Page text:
U.S. President Donald Trump and Chinese President Xi Jinping.
Reuters

“The United States is confronted with a condition in the world which is at direct variance with the assumptions upon which [our foreign] policies were predicated,” wrote a State Department official. “Instead of unity among the great powers . . . there is complete disunity.” The secretary of state concluded that the Russians were “doing everything possible to achieve a complete breakdown.” The president called for unilateral action to counter U.S. adversaries. “If we falter in our leadership,” he told Congress, “[we will] surely endanger the welfare of this nation.”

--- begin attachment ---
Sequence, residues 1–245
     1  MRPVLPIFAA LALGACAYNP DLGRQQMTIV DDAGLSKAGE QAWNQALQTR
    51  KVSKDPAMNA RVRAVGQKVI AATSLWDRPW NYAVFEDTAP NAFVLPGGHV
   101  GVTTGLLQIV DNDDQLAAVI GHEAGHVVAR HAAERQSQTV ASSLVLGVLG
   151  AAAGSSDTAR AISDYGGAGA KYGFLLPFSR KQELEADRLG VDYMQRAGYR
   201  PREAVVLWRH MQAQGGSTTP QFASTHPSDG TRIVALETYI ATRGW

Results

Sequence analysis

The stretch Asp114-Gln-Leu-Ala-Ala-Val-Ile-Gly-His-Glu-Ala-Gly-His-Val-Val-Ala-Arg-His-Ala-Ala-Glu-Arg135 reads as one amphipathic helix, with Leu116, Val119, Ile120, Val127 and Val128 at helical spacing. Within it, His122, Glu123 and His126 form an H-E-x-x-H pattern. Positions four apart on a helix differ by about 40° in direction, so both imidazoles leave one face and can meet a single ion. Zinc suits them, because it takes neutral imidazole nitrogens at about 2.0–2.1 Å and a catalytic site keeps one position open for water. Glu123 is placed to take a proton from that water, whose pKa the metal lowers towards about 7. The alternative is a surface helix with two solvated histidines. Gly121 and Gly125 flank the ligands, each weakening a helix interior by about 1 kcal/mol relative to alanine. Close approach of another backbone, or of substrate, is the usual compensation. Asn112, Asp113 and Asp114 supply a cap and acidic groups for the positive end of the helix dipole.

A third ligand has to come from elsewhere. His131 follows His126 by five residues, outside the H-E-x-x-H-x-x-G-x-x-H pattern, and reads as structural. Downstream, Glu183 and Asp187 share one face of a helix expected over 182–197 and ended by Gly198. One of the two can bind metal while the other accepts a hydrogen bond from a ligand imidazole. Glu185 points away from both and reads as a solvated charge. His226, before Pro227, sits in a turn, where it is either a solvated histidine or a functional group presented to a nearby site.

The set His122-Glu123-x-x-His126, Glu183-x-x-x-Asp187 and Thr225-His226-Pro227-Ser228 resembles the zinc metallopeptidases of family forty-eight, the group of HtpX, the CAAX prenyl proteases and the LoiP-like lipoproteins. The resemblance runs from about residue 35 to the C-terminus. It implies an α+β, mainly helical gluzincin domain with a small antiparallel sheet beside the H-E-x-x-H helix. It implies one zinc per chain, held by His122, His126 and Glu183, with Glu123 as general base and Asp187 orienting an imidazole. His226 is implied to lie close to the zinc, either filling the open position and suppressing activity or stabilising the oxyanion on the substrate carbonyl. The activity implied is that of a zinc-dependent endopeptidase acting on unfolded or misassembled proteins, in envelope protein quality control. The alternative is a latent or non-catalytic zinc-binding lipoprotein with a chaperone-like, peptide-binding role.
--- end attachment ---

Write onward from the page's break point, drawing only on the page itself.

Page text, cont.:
These precise words were spoken in 1947, by Russia specialist Chip Bohlen, Secretary of State George C. Marshall, and President Harry S. Truman. But they are being echoed today by a new U.S. administration, heralding another era of great-power competition in which adversaries jostle for global influence. “After being dismissed as a phenomenon of an earlier century,” the Trump administration’s National

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